The Birds (1963) / Horror-Drama
MPAA Rated: PG-13 for scary images
Running Time: 119 min.
Cast: Tippi Hedren, Rod Taylor, Jessica Tandy, Suzanne Pleshette, Veronica Cartwright, Alfred Hitchcock (cameo)
Director: Alfred Hitchcock
Screenplay: Evan Hunter (based on the short story by Daphne Du Maurier)
Review published January 26, 2007
The Birds is one of the best "creature features" ever made, possibly only rivaled by Jaws for best ever, though the latter does owe a debt of style to this film. Though not entirely realistic, the visual effects are still reasonably workable even by today's more discriminating special effects crowd, and it still manages to deliver a good deal of suspense and hair-raising tension. While most people probably won't view birds as scary before seeing this film, by the end, you will forever be reminded of this film when you find yourself surrounded by a large flock of our "feathered friends".
Tippi Hedren (Marnie, Citizen Ruth) plays Melanie Daniels, a spoiled, rich socialite who one day bumps into an attractive man named Mitch (Taylor, The Time Machine) in a pet store who is looking for a pair of lovebirds as a present for his younger sister (Cartwright, Goin' South). Melanie decides to surprise the man with the birds but finds she has to travel to Bodega Bay to leave them with him. After she gets there, strange occurrences abound when the birds in the town seem to attack the humans for no good reason, then all hell breaks loose.
With The Birds, Alfred Hitchcock (Vertigo, The Trouble with Harry) demonstrates here why he is a true master of his craft, though it is arguably the last of his great masterworks. One of the most striking elements of the film is Hitchcock's ability to create tension and terror without utilizing any traditional score. It seems that his early days making silent films paid off in his ability to create the proper mood through editing, montage, and proper story pacing. If you had never heard of the film, you'd probably think that there is no way such a ridiculous premise could be remotely entertaining. Credit Hitch; very few, if any at the time, could have taken such a laughable premise and made it work, and work so well.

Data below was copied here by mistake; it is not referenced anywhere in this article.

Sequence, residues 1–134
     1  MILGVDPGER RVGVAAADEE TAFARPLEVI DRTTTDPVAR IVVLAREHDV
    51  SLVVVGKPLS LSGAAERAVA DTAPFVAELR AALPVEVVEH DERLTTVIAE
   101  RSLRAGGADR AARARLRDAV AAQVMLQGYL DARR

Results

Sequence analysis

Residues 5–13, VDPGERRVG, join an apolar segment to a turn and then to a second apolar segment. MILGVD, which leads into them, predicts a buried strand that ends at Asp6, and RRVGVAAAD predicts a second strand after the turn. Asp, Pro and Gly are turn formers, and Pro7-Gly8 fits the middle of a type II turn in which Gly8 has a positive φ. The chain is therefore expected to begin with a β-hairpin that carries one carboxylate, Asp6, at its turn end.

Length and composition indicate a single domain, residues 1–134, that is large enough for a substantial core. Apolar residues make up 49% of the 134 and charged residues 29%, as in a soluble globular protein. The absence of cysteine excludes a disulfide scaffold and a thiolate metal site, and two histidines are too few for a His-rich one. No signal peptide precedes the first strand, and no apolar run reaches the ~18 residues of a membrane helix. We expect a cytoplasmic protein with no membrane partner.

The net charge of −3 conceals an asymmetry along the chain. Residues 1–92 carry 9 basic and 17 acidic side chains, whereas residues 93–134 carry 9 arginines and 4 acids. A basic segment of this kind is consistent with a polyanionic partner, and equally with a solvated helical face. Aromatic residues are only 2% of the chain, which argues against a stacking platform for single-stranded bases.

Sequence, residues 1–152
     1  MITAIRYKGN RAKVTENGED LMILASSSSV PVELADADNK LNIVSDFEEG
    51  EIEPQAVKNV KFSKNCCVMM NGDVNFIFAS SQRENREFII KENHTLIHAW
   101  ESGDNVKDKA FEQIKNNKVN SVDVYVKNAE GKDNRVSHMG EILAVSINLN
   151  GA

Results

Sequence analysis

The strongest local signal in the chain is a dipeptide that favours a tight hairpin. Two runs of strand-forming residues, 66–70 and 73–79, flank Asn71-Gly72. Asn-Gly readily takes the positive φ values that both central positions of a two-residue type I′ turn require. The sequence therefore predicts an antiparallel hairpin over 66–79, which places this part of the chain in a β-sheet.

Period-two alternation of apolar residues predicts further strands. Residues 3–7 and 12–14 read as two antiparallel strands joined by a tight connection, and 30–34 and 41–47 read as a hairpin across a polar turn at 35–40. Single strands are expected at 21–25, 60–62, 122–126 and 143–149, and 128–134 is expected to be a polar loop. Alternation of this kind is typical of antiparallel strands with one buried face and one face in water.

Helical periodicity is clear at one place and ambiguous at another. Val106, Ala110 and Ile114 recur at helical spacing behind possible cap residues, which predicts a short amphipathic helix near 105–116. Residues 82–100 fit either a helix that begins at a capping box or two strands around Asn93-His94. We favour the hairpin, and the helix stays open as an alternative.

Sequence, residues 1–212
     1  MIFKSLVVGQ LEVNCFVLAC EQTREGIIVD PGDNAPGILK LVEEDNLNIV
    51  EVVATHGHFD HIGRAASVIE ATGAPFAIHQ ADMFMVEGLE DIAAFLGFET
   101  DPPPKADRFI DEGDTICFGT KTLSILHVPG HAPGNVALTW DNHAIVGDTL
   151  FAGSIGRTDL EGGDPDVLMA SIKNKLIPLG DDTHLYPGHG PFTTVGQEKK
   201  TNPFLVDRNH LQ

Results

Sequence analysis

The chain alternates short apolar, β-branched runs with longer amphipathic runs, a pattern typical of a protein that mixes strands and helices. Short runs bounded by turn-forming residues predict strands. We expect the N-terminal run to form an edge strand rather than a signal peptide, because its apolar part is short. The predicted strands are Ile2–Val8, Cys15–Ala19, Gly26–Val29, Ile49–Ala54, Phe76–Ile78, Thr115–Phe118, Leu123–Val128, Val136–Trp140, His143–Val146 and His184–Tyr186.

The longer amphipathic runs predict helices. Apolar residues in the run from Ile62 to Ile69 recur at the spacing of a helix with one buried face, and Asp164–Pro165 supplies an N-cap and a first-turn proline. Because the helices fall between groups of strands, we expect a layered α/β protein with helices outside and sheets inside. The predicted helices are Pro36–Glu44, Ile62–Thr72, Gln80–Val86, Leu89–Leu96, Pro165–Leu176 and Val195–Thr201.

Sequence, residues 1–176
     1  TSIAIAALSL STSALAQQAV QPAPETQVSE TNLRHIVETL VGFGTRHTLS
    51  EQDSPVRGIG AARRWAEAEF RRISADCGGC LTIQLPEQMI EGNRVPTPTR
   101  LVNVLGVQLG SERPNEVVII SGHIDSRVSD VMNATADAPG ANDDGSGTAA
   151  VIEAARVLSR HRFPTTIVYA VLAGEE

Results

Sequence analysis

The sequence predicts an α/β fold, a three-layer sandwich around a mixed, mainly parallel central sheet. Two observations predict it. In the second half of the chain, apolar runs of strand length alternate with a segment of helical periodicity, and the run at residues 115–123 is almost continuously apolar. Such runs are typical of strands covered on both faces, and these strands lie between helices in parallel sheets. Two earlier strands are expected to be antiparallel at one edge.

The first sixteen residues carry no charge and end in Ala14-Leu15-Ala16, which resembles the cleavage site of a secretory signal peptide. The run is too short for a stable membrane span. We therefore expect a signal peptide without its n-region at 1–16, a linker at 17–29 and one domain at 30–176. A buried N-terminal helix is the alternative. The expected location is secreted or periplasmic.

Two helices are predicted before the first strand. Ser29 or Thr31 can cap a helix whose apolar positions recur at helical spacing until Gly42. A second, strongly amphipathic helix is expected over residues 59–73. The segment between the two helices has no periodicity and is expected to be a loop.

The cast is solid, with Hitchcock going with a relative unknown in Tippi Hedren, a "find" from a diet soft drink commercial who caught his eye. Though a relative novice, Hitch guides her well enough through the more difficult spots with finesse, mostly utilizing her for reaction shots that don't require her to show a great deal of emotion other than romantic whimsy, until the trauma of the harrowing finale. Taylor, Pleshette, and Tandy (batteries not included, Driving Miss Daisy) round up the fine cast of supporting players, and a very young Veronica Cartwright holds her own in one of her earliest roles.
Watching the film today, one is struck by the fact that Hitchcock doesn't even unleash his horror film until the second half, which today would be almost unheard of. Perhaps this is why the film ends up working so well -- we actually get to know the characters before they are put into mortal peril, and the result is one truly disturbing scene after another. Most modern audiences will either grow impatient, or they will wonder why the film seems like a romance and horror film that somehow got mashed together, but, as it was in Psycho, this is Hitchcock toying with conventions. He lulls us into an altogether different kind of story, where everything seems to be going according to plan until nature decides otherwise, pulling the rug out from under us. Along with a very untraditional ending, Hitch coyly wipes the slate clean, as if to say that everything you came to know doesn't matter any more; the only thing that matters is the danger of the here and now.
-- Followed by a vastly inferior, 1994 made-for-TV, in-name-only sequel, Birds II: Land's End, which is only of note for having a small part for Tippi Hedren, though it isn't as Melanie Daniels.
©1998, 2007 Vince Leo